The Whole Child
Building Inner Controls:
Helping Children Develop Self-Discipline and Self-Control
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Children should not be allowed to hurt themselves or other people (verbally or physically) or destroy property. They must learn how to control themselves instead of depending on other people to control them. Discipline is really about building self-control.

Children Making Choices
The process of learning self-control and self-discipline is linked very closely with how a child feels about themselves and their relationship to the world. It's important that we help build and strengthen children's ability to determine for themselves what's right and wrong, and how to control their own behavior.
        It's wonderful when we can count on children to do the right thing because they want to, not because they have to. It's very important to provide as many opportunities as possible for youngsters to make their own choices and decisions. But whenever we give a child a choice, we should be prepared to honor his decision. It's also very important for children to experience the consequences of their decisions. In addition, helping them stick to decisions once they are made teaches youngsters to make responsible choices. But not everything is a choice; not everything is negotiable. Sometimes we have to say "no" to children and mean it.

Foundations in Infancy
The foundation for self-discipline and self-control begins with infancy. It's important to guide and discipline children so that they feel supported and valued, not judged and rejected. Warm, nurturing relationships plus firm controls combined with the reasons for rules help promote self-discipline and self-control in children. We can help by being consistent with children in words and deeds. Children appreciate knowing just what the rules are at home or in the classroom. That way they know where they stand and the consequences of their behavior.

Aggressive Behavior
It's important to approach aggressive behavior according to the age of each youngster. Children behave differently at different ages. Physical aggression of one kind or another is very common in the early years. It is an unavoidable part of the developmental process. Preventing problems before they start is the ideal thing to do. Here are some tips that can help prevent incidents of harmful aggression before they start:

  • Position yourself so that you are able to see a large area of the room or play yard.
  • Rather than suddenly stopping an activity, warn children in advance that time is almost up.

Caregiver Intervention
Our goal is to teach our children how to solve their own problems since, as adults, they won't have a teacher or a parent to settle their differences. There are two general rules that may help you decide when to intervene: Ask yourself, what is the likelihood of someone getting hurt or property being damaged? If trouble is really brewing, be decisive. Take action yourself before the child does.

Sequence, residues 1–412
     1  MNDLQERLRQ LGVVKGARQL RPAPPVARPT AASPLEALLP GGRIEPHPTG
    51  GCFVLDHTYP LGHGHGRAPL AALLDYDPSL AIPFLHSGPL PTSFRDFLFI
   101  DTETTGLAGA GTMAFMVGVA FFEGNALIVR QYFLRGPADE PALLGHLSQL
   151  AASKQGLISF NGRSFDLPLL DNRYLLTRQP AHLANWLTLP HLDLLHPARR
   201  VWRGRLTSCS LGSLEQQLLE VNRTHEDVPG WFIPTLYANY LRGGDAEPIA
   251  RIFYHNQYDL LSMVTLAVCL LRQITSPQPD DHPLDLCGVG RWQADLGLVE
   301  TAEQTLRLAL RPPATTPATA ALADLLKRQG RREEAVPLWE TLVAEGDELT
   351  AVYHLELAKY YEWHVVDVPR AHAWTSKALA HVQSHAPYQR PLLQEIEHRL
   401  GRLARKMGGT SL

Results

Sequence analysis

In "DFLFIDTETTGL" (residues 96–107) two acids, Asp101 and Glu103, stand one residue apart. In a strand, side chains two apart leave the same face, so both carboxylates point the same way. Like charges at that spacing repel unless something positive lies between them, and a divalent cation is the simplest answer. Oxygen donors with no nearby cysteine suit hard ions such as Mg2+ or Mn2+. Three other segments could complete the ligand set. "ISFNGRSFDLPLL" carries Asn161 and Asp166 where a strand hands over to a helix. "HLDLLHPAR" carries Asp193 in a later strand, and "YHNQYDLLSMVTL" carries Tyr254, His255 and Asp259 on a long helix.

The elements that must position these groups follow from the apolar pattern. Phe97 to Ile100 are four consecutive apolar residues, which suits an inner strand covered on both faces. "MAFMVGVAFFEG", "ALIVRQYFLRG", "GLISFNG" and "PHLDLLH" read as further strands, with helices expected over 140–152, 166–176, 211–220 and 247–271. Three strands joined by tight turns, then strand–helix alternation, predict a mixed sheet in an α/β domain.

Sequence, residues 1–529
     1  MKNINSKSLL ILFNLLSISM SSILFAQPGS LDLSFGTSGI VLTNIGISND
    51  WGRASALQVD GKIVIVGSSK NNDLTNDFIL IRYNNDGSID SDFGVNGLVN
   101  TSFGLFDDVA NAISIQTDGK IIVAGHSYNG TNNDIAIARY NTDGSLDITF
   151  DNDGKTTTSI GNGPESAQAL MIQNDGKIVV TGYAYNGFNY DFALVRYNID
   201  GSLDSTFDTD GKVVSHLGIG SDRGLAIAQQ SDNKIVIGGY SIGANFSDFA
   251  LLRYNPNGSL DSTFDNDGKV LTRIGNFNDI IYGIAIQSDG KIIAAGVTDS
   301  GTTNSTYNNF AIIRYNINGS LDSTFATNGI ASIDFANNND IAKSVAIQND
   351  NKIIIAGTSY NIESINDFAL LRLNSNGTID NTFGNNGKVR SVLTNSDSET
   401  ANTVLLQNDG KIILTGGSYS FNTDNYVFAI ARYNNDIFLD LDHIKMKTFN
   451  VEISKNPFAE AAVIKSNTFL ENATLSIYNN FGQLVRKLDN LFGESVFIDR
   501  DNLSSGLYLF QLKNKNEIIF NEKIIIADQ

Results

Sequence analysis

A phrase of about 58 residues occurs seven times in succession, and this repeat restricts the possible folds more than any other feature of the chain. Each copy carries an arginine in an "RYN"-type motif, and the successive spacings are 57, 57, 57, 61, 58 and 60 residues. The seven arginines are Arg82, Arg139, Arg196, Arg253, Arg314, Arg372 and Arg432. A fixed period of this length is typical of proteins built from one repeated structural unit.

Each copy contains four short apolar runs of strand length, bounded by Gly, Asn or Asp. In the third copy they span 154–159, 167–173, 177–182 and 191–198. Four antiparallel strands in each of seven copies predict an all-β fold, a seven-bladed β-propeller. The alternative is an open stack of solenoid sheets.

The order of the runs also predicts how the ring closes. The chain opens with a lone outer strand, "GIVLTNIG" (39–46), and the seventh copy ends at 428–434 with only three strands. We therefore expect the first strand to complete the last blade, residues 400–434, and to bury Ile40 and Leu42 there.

Six Steps of Intervention
There are six steps to follow when intervention is necessary:

  • Warn the child and redirect him, if he will accept such redirection. It's important to help the child understand that his behavior is up to him. It's his choice but if he chooses to continue, you'll carry out your warning.
  • If necessary, remove the child promptly and keep him with you. If he persists in doing what he has been told not to do, act calmly and promptly. Remove him and insist that he sit beside you, telling him he has lost the privilege of doing whatever he was doing.
  • Discuss feelings and rules after a reasonable period of calm. This is a very important part of handling a discipline crisis because once the child knows that you understand how he feels, he won't need to keep on showing you how he feels.
  • Be sure to involve the child in the decision when to go back, because taking responsibility for his own behavior is a crucial part of instilling self-control.
  • It's important to help the child be successful when he does come back, so that he has the experience of substituting acceptable for unacceptable behavior. It will probably be necessary to take a few minutes and get him really interested. Be sure to congratulate the child when he has settled down.
  • If he goes back and does the same thing again, we have to go through the steps again. But after that, he has to choose another place to play.

Time Outs
"Time out" is certainly an improvement over spanking, yelling or shaking a child, but it still has its drawbacks. First of all, it's easy for a child to feel emotionally abandoned when she's sent off by herself. Besides that, we frequently become involved in secondary struggles when the child tries to sneak away and we have to catch her. Also, many time-outs go on too long, either because it's such a relief for us to have the child removed or because we forget she's there.

Letting off Steam
Some kinds of aggressive behavior are common during the early years and there is much we can do to help children let off a little steam. One way we can help is to provide plenty of large motor activity and other opportunities for children to use up their energy. In some situations, noise can also be an excellent outlet for expressing aggression. In addition, there's nothing like pounding play dough or hammering on the workbench to relieve stress, tension and aggressive feelings in a child.

Recognize Our Flashpoints
It's particularly important for us to recognize and control our flashpoints. Let's teach ourselves to model self-control. Once we've stopped the action, say to the child, "Wait a minute--I need to think this over before I decide what to do about it."

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